An imaginative population expert at the authoritative Overseas Development Council (ODC) has some quick pencil work on the Cancun summit. The calculation is that most participants will devote about five days to the affair, including travel, stopovers and two days of formal meetings; in those five days, the population of the planet will increase by one million people--700,000 deaths and 1,700,000 births.
That same net increase will be repeated every succeeding five days-- relentlessly. For how long? Nobody really knows. But long enough, it is generally agreed, to confound almost beyond measure even the most constructive outcome of the international meeting on cooperation and development at the seaside resort of Cancun in Mexico.
You have to stare long and hard at the past population record and future projections even to begin to comprehend the challenge confronting the 22 presidents and prime ministers who have gathered in Cancun.
Consider: in the first quarter of this century, according to ODC figures, world population increased by 360 million; in the second quarter- century, the increase nearly doubled; in the third quarter it was up another 1.5 billion. The increase for the last quarter-century is expected to be 2.2 billion.
By the first quarter of the 21st century, the increase may be down a bit, to around 2.1 billion, and at some point later in the century, worldwide population may even level off: zero growth. But assorted studies differ widely on just when--or at what level. Never mind. The total, even when the population of the world stops growing, will be at least double and quite possibly triple the estimated 4.5 billion people on earth today.
With that many people already competing for the world's wealth and resources, with some 3.4 billion of them in the poorer developing nations, and 900 million classified by the World Bank in the category of "absolute poverty" (which is to say barely existing)--with all that, there would be urgency enough for Cancun's unique assemblage of big and little, rich and poor, medium-sized and middle-income nations. It's a carefully mixed bag: the United States and Bangladesh, France and Guyana, Sweden and Saudi Arabia, Japan and Tanzania--but not the Soviet Union (by its own decision) and not Cuba (by American insistence).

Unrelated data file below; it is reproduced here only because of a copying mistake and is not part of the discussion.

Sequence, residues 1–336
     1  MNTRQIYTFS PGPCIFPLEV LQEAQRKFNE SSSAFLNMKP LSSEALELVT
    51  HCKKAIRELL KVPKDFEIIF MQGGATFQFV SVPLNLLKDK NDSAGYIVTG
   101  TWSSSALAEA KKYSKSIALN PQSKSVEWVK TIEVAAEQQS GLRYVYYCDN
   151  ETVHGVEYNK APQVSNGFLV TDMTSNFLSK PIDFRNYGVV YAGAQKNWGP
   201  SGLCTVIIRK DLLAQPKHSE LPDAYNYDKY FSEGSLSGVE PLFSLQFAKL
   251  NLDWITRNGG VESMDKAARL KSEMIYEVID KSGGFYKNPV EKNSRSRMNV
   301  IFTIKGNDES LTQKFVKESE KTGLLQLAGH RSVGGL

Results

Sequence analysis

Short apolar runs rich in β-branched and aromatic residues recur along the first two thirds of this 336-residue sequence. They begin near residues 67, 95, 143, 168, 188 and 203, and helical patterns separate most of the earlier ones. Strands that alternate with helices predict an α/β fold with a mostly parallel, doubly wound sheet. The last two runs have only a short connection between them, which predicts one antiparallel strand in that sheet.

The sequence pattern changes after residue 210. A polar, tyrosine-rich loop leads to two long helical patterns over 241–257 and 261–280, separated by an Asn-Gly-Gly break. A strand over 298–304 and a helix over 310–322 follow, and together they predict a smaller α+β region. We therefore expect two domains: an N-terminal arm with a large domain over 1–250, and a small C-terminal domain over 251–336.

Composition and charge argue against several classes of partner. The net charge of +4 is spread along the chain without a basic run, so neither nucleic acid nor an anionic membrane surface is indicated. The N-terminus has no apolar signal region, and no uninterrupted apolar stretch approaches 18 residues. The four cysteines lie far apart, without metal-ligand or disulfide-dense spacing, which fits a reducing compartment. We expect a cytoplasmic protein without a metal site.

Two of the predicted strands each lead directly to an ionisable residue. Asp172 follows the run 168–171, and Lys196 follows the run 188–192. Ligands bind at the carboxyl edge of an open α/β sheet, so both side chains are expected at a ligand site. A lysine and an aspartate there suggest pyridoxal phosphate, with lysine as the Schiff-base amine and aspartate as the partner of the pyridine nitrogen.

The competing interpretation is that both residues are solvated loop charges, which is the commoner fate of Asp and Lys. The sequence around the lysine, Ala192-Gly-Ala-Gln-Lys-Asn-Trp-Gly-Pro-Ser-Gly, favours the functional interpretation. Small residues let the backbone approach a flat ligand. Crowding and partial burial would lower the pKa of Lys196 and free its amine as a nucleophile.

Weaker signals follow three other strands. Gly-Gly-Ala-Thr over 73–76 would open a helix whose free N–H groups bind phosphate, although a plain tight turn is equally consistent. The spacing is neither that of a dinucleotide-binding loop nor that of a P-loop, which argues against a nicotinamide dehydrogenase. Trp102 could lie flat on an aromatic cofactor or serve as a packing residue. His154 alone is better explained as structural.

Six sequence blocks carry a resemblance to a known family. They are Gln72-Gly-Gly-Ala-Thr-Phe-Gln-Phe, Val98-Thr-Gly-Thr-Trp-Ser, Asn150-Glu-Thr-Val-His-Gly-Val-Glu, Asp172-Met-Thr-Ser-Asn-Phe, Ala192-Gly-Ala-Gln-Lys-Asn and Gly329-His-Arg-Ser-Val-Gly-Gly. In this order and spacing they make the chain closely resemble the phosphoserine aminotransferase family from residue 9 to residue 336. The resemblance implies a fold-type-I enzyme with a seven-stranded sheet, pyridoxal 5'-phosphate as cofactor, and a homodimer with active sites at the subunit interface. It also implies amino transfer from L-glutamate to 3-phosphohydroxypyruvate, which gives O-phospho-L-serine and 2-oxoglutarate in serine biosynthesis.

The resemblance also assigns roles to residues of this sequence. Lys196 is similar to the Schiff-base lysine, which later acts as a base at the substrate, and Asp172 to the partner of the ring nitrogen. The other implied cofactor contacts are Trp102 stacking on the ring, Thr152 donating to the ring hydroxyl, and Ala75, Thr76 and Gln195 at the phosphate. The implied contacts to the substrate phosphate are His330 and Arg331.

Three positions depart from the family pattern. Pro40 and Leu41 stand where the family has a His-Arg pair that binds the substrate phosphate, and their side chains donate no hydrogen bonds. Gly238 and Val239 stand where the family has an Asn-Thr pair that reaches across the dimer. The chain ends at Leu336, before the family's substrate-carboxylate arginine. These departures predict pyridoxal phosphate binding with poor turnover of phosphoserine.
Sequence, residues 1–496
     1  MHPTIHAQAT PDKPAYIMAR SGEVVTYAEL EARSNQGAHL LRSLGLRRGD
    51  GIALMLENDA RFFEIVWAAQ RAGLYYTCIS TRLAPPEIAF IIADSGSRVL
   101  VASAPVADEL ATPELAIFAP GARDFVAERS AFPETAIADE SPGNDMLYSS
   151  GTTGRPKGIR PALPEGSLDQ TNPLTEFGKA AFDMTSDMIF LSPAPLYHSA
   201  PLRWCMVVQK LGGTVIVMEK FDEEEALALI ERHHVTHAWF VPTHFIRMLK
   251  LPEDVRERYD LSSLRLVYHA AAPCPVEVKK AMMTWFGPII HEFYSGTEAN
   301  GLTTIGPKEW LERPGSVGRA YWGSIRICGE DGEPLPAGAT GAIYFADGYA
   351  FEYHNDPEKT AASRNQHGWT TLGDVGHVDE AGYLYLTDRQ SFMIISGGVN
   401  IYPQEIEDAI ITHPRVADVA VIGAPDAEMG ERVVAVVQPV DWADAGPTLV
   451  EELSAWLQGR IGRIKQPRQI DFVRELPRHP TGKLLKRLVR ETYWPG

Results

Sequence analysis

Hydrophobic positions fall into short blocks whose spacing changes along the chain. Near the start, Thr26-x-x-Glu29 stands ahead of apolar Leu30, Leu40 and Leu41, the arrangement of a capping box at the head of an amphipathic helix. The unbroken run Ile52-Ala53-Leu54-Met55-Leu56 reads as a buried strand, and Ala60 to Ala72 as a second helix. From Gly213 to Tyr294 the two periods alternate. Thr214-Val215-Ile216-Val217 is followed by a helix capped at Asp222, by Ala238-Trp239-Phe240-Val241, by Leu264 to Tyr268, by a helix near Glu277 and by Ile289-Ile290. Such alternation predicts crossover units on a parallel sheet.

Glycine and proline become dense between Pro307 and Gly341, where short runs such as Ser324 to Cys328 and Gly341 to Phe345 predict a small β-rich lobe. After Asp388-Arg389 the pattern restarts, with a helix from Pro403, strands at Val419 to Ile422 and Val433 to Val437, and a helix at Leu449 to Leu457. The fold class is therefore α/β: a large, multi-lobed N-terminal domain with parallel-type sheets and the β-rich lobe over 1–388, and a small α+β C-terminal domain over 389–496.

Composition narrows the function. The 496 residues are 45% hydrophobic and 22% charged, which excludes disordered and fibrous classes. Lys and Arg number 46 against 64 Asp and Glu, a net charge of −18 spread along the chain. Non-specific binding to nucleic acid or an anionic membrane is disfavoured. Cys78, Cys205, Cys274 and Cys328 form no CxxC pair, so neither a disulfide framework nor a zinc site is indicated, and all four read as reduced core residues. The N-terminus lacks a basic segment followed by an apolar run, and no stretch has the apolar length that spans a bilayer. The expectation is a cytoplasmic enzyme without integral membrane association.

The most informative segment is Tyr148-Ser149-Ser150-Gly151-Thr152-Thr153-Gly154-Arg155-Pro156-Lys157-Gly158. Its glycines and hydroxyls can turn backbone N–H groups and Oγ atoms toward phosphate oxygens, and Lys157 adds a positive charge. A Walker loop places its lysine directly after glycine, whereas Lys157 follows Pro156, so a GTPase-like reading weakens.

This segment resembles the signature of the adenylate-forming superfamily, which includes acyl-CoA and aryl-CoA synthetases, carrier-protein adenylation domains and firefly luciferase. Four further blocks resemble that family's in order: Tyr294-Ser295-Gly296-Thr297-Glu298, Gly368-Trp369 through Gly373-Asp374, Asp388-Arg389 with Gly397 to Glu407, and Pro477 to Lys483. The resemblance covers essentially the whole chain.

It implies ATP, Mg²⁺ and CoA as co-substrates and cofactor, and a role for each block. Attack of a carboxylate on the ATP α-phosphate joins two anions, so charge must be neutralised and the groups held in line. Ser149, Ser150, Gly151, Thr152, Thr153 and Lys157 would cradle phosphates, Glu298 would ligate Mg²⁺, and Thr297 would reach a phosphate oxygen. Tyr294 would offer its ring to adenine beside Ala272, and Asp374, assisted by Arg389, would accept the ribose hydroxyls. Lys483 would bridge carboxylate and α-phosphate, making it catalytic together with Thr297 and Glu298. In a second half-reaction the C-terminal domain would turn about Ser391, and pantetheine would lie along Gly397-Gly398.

The agenda is loose and technical: food and hunger, trade, energy and international finance are the general topics. The prospective conflicts center as much on procedure as substance. The "developing" countries represented at Cancun are rich only in numbers (around 120) and centered mostly in Africa, Asia, Latin America--the so-called south. Logically they seek some grand and global negotiation of all the world's inequities and imbalances in a way that would give weight to their numerical majority.
With some exceptions (France, most notably), the well-to-do minority of the so-called north, with the Reagan administration loudly in the lead, would rather work through existing institutions, such as the World Bank, the International Monetary Fund or the general agreement on trade and tariffs where, by and large, money talks.
Nobody heading into the meeting can tell you confidently how this issue can be resolved. That's why there will be no final communique. Cancun's accomplishments will be measured in tone and spirit--in the degree, as one veteran international development expert puts it, to which "there is general acceptance of the indivisibility of the problem."
What's meant by that is a general acceptance of the inevitable consequences for the rich--the loss of increasingly valuable markets--if the poor get poorer. But the test will remain in the force, as well as the nature, of the follow-up. "This could be a last echo or a new beginning," says one of the conference planners.
Hopes for the latter rest in large part on the forces that created Cancun.
Population control is not an easy issue for the world's politicians to address head-on. Other than education in family planning, many experts see no clear solution as such. As one ODC briefing paper on Cancun wryly observed, "No participant will call for a rise in death rates to assure food security and alleviate hunger." Still less will anybody be lobbying for abortion or birth control.
Yet few would dispute an ODC briefer's argument that "a poor, hungry people have nothing to lose by embracing strange causes." Population, in other words, is not just an economic problem but a security problem as well. A recent Library of Congress study documents the point that population is exploding most dramatically in all the wrong places: in the poorest countries, in the cities, "in nearly all those developing countries where the United States and its allies have vital security interests."
The extent to which the Cancun summit gives weight to these grim warnings will say a lot about that glittering gathering.